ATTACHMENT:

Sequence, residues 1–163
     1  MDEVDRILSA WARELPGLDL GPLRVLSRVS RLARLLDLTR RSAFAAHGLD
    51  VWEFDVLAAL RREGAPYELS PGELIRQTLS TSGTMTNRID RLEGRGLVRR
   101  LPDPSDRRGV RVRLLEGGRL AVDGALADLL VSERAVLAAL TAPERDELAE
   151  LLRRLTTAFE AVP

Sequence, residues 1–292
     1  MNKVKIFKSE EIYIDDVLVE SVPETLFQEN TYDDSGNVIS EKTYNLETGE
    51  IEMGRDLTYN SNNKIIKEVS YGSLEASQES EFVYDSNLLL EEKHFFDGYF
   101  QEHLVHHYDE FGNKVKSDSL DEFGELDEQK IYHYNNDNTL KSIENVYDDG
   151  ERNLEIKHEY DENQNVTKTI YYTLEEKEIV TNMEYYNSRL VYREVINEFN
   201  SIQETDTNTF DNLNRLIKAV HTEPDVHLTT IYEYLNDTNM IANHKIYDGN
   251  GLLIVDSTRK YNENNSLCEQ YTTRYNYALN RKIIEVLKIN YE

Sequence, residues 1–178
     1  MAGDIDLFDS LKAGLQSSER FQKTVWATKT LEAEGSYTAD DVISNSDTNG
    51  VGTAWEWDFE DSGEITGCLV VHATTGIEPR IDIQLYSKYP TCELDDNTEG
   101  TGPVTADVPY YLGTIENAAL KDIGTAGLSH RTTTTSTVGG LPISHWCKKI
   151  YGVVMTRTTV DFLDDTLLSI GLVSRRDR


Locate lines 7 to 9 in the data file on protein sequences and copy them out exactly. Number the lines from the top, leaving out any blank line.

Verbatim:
     1  MNKVKIFKSE EIYIDDVLVE SVPETLFQEN TYDDSGNVIS EKTYNLETGE
    51  IEMGRDLTYN SNNKIIKEVS YGSLEASQES EFVYDSNLLL EEKHFFDGYF
   101  QEHLVHHYDE FGNKVKSDSL DEFGELDEQK IYHYNNDNTL KSIENVYDDG